You really couldn’t get any better than that!
My carriage mates came from Thailand, Poland and Britain (myself) and even though our compartment was fully booked, the rest of the train was pretty empty until we got to Poland itself! All the women brought their own food with them and at some point, one person even had a home-made meal of chicken and a bowl of dumplings. I felt pretty boring with my pâté and ham & cheese sandwich!
You will most likely alight at Warszaw Centralna which is in an area called CENTRUM. You can also buy your ticket on the Polish inter-city train (ICCC) website.
IS IT GOING TO BE CROWDED?
Warsaw isn’t an OMG-we-have-just-got-to-go-visit destination. Not yet anyway, but only because the throngs of communist times are still very much attached to the post-war image of Warsaw.
Warsaw isn’t big in my opinion. It’s wide but really walkable. I was able to walk from Muranow (where the Jewish History Museum is) to Ujazdow (where my hotel was). It was low season and the weather was really rather nice, sunny and dry.
WHAT IS WARSAW REALLY LIKE?
I was in Warsaw for four (4) days and it’s definitely a city that I would like to visit again.
I found Warsaw to be different to what I expected and in some parts it reminded me of Berlin. The people are authentic and tell it like it is but it’s definitely Polish because the natives don’t talk a lot about the capital. You would even think that they hated it, but secretly, I think they’re proud of their roots and foundation.
Most people are traditional at heart and the church plays a very strong role in Polish society as does the family. Everywhere I looked were collections of lit tea-light candles and flowers put on the ground. (Does anyone know why?). Photographs of the Fallen during the 1944 Warsaw Uprising and Old Art depicting what Warsaw used to look like 100 – 200 years ago.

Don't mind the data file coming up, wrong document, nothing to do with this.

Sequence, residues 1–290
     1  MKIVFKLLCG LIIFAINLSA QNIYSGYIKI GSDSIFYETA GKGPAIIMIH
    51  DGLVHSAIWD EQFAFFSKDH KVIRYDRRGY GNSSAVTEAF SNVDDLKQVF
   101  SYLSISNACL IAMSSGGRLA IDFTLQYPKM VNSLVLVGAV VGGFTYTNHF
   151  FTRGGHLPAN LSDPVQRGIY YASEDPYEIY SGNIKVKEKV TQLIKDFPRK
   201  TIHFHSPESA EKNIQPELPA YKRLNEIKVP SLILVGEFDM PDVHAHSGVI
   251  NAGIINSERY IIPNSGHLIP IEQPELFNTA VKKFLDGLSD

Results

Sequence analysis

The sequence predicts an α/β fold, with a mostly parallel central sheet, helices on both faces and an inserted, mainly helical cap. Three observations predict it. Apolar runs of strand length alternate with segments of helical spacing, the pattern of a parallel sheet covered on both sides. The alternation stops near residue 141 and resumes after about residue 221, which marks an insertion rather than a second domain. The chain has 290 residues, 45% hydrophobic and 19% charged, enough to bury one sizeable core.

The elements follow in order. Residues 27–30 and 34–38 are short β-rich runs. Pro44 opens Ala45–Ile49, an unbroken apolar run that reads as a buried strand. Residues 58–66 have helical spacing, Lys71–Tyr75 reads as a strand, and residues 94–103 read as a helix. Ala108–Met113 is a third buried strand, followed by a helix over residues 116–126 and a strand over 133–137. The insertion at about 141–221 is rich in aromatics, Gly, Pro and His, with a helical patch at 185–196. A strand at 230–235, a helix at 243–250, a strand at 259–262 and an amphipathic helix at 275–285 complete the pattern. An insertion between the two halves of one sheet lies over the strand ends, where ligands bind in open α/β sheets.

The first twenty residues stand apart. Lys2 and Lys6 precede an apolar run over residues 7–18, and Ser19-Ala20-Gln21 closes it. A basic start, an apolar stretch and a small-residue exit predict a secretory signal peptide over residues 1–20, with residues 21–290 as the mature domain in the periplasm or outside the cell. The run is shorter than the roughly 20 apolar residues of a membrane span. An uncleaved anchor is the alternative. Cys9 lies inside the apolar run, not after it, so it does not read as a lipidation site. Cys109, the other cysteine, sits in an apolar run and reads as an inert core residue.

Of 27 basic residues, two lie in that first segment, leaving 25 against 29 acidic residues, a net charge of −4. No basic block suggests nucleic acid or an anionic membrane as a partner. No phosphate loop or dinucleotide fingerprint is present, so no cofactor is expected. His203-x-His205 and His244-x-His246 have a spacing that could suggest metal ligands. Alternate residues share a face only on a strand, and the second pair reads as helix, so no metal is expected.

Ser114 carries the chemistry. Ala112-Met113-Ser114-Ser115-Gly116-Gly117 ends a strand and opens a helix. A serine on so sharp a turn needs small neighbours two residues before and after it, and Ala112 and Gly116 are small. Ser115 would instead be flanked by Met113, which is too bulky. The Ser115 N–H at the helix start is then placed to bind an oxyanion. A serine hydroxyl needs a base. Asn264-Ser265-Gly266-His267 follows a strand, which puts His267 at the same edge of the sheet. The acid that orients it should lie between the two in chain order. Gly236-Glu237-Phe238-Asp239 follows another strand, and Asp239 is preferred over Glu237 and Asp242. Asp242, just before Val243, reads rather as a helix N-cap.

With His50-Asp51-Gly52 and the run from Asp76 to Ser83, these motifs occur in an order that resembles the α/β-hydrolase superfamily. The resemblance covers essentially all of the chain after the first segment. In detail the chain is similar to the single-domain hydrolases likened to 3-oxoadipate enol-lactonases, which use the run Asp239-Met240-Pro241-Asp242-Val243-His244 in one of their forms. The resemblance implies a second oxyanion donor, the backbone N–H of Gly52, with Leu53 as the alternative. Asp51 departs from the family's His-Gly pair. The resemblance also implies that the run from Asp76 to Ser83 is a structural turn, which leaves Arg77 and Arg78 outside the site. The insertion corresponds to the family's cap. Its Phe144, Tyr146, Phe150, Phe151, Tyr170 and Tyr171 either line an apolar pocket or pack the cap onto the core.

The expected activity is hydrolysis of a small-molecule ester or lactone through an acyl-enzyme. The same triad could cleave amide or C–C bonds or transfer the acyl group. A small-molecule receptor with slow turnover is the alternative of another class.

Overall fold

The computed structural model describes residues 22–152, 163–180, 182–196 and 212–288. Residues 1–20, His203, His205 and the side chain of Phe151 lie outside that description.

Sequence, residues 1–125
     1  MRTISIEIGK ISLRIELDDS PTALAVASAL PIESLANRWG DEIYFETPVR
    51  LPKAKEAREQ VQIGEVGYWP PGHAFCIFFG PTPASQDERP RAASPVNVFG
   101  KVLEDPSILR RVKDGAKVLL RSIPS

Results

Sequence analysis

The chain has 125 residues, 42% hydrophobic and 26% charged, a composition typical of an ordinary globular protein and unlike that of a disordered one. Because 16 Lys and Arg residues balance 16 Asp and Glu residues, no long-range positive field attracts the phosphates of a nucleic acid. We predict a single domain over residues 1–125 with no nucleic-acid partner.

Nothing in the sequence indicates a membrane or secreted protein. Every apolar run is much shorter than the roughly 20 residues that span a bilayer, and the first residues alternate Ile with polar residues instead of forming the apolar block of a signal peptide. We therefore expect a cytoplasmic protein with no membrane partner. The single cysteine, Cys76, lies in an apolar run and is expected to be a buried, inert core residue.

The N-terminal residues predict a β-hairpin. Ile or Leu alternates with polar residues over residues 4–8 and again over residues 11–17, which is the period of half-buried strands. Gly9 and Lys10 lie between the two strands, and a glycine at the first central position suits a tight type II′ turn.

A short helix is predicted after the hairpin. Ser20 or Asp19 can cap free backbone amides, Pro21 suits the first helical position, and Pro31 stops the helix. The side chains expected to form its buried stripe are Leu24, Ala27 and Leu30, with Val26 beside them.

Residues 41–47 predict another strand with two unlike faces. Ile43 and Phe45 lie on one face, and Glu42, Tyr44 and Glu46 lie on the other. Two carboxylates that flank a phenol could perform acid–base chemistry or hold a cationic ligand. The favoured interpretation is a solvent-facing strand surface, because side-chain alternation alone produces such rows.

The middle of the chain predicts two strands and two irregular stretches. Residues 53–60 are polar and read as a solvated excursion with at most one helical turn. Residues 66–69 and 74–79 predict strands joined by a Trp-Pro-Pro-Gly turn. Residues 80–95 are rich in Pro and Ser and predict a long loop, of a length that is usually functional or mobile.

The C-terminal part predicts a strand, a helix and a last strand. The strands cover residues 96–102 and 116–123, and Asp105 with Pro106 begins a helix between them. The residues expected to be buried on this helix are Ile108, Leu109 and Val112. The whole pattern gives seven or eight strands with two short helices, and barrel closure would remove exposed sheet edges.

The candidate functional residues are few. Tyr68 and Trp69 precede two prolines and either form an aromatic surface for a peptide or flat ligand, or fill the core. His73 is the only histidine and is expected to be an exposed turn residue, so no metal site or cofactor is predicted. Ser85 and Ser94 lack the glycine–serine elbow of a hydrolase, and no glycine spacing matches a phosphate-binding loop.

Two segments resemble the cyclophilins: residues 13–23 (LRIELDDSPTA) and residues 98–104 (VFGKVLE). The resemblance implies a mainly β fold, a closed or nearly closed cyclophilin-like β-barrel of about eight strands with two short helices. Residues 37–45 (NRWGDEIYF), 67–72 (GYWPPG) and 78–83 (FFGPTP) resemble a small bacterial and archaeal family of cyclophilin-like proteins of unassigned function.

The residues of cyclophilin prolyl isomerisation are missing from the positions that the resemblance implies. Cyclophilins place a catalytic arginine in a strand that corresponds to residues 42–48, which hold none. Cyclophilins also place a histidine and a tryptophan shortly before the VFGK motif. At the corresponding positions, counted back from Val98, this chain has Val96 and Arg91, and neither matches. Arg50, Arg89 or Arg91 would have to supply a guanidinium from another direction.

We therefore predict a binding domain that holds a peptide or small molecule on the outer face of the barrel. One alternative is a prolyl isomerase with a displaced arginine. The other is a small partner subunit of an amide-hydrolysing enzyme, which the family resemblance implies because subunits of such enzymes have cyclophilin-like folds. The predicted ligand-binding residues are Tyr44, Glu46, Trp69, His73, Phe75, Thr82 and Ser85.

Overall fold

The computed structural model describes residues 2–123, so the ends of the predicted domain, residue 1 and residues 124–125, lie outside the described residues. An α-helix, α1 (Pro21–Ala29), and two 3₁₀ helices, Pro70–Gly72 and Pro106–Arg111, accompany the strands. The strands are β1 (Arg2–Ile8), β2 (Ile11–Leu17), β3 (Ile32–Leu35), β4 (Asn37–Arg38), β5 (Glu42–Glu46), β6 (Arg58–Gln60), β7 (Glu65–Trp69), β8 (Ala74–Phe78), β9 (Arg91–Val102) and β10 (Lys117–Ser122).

Having said that, although Warsaw and in fact Poland, is extremely homogeneous and limited in diversity, it’s not without culture. There is no doubt that Warsaw is a cosmopolitan city.
Veganism has arrived with a crash and a bang, posh shops are “in,” fashion skinny men with their equally fashion skinny dogs, Paris-slim attractive women and the lure of organic food.
The young and middle-class have a rising income, are very interested in new designs and modern art, look good, dress well, know how to party, and want to spend their money.
I DON’T SPEAK POLISH.
In the really local places like the milk bar, nobody spoke anything else. BUT there was always at least one (1) person who could help me and that person was usually between 50 – 70 years old LOL! There was a bit of staring.
OK then, a lot of staring!
But it was due to the shock of seeing a person of colour wearing a pink coat, multi-coloured pop socks, and orange suede shoes walking down the street!
On a serious note, young people do speak English and I had no problems walking up to random people and asking for help, advice or directions. Some people even asked me for a photograph.
They were from The Ukraine!
AM I GOING TO LIVE IN A HUT?
Nah! Warsaw might be a country from “the other” Eastern Europe but you’re definitely not going to be living in a cave!
I’M ON A BUDGET. WHAT SHOULD I DO?
There are plenty of hostels to be had.
Since I was travelling solo this time around, I decided to spend one (1) night at a hostel.